A Victory For Express Scripts and AbbVie At The Expense Of Gilead Sciences, J&J And… Oh Yeah, Patients


  • In an unprecedented move, ESRX makes Viekira Pak the exclusive option for HCV-infected patients.
  • Preference of healthcare providers and patients disregarded for profits of PBMs and insurance companies.
  • This is a short term, solvable event for GILD, which remains a Strong Buy.
  • Time will reveal who owns the superior HCV treatment.

In an unprecedented move, Express Scripts Holding Co. (NASDAQ:ESRX) has made AbbVie’s (NYSE:ABBV) Viekira Pak its exclusive treatment option for HCV-invected patients.

This is a big deal… and a true cause for celebration for some.

The Winners

Who is celebrating today? Well, Express Scripts gets a fist-bump for sticking it to Gilead Sciences (NASDAQ:GILD) and Johnson & Johson (NYSE:JNJ), and their Sovaldi/Harvoni and Olysio medications, respectively.

AbbVie is certainly feeling festive for landing exclusive rights to Express Script’s 25 million beneficiaries whose companies contract directly with ESRX.

Finally, health insurance companies across the United States are also smirking as they realize that lower payments for new HCV medications will mean higher bottom-line profits.

The Losers

Loser #1 in the ESRX/ABBV deal is obviously Gilead Sciences, with its blockbuster Sovaldi and Harvoni medications.

As I’ve written in a recent Seeking Alpha article entitled: “Ho Ho Harvoni: Gilead Sciences Is A Gift That Should Be Under Every Investor’s Tree,” Harvoni is a lepidasvir/sofosbuvir combination tablet that may be the perfect pill for HCV-infected patients. Taken once daily for eight, 12 or 24 weeks, depending on the presence or absence of cirrhosis, and/or prior HCV treatment–Harvoni has only minimal side effects (headache, fatigue and nausea) and an impressive efficacy range of 96-98%.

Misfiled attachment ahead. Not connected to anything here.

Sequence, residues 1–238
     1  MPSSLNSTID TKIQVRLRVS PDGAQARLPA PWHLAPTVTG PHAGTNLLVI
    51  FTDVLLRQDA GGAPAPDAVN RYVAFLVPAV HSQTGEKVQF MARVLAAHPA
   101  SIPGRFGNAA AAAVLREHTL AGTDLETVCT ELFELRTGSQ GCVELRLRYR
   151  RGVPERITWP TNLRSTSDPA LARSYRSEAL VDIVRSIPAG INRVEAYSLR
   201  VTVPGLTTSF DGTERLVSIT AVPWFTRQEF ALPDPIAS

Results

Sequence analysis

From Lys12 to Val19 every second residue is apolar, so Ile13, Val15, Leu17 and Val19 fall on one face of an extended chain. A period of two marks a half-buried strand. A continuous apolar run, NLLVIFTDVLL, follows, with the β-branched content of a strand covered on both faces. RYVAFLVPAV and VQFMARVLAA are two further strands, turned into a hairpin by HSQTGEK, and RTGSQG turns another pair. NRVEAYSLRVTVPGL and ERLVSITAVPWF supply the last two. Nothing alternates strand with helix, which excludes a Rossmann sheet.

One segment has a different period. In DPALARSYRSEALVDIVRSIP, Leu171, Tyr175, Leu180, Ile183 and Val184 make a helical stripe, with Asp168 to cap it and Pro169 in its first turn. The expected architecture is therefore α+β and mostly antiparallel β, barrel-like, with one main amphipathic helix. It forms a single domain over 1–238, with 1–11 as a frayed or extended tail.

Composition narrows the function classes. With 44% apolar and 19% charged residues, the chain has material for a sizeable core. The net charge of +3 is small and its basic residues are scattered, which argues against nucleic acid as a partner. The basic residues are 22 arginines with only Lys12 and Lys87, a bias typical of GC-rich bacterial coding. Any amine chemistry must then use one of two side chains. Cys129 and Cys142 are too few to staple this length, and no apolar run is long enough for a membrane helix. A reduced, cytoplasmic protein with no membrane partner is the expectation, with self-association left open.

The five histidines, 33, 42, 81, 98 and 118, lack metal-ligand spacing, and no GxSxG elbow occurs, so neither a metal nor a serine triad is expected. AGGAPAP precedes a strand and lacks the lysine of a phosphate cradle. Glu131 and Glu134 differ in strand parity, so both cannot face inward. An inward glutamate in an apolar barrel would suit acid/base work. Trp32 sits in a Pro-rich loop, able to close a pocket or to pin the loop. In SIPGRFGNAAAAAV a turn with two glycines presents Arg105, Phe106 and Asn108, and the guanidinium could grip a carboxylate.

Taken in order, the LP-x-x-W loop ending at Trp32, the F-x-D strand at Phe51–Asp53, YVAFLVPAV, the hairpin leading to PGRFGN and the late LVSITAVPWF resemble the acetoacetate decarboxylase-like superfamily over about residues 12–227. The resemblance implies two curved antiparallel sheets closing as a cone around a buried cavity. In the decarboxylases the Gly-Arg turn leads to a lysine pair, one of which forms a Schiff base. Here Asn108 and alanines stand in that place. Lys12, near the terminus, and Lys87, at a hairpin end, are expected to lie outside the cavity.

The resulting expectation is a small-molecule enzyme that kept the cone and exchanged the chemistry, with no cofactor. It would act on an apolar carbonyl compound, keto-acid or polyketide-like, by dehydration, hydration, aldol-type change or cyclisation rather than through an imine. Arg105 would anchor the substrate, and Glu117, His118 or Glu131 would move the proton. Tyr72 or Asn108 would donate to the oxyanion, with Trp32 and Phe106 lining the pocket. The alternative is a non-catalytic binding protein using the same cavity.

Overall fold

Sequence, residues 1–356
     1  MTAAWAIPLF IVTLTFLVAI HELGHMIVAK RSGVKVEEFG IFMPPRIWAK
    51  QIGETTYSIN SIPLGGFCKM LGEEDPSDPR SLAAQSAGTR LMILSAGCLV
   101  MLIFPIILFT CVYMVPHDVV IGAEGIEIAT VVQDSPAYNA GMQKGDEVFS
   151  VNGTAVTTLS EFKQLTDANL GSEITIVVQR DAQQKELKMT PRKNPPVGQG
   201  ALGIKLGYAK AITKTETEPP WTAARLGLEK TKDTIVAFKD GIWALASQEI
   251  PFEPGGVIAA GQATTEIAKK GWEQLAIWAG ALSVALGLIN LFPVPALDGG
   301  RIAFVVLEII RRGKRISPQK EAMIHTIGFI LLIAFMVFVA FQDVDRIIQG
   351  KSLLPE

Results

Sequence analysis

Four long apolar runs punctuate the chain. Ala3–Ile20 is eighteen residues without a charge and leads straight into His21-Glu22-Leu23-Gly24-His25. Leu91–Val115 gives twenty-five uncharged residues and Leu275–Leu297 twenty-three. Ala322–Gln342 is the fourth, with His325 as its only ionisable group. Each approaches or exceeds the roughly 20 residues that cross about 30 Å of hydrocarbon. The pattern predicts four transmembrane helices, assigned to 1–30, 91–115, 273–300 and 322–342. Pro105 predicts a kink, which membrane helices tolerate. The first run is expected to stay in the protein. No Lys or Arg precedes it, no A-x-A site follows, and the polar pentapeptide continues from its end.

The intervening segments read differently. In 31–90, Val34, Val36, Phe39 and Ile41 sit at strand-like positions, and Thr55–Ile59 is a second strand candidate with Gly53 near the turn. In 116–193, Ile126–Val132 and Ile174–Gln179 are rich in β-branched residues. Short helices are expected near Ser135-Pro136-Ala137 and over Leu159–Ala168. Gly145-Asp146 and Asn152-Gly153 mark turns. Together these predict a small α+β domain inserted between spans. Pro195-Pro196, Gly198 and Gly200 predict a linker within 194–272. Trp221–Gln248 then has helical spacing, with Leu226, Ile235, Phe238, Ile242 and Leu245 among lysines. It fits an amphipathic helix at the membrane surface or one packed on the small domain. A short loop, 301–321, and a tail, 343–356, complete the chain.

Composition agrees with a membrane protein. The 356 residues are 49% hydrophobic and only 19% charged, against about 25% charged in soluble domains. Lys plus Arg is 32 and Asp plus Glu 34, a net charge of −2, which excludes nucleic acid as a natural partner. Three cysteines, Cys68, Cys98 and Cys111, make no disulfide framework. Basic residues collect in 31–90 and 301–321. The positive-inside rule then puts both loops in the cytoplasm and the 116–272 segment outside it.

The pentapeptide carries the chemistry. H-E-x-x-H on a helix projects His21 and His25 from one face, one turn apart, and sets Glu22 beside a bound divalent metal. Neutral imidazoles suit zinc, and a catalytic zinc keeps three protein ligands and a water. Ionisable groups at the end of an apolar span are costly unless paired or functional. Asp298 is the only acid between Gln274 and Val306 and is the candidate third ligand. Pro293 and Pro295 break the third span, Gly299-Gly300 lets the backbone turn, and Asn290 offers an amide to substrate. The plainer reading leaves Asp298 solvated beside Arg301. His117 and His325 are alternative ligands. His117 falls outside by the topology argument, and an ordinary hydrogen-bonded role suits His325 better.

Harvoni is easy to take, has minimal side effects, is extremely effective, but is–you guessed it–expensive.

For HCV-infected patients, new therapies are literally life-changing and life-saving. But at $66,360 (J&J’s Olysio), $83,319 (AbbVie’s Viekira Pak) and $94,500 (Gilead’s Harvoni) for a typical 12-week treatment , many pharmacy-benefit managers (PBMs) and insurance companies have been vocally up in arms over the costs.

Express Scripts shrewdly claims that paying for these new, expensive HCV-treatments is an “unprecedented challenge” and exclusively offering AbbVie’s Viekira Pak to its HCV-infected patients, “is the right thing to do.” Nevermind the benefits to the healthcare system and patients for curing HCV and halting its terrible sequelae.

More on this later…

Loser #2 is actually a group of current and future drug-companies and their HCV therapies. Johnson & Johnson’s Olysio has also been excluded in the Express Scripts/AbbVie deal, which will obviously reduce its current market share. This exclusive contract creates a moat (albeit small) around AbbVie, reducing incentive of competitors to enter the HCV treatment space, and undermining a competitive, freer market.

The Biggest Loser (Related: Why I’m Leaving Medicine)

The exclusive contract to offer discounted Viekira Paks to Express Scripts’ HCV-infected “beneficiaries” will result in larger profits from said discounts and increase ESRX shareholder’s returns. ABBV shareholders will also benefit from gaining share in a highly competitive (and lucrative) market. In the short term at least, these companies share prices should enjoy a nice unwards spike.

However, the biggest loser in this arrangement may surprise you… it is the patient.

Patients and providers alike should be disconcerted by the ESRX/ABBV deal. Why? Instead of healthcare experts prescribing–and their HCV-infected patients taking–a once a day, highly effective tablet; they are being told “no” by their PBM, effective January 1, 2015.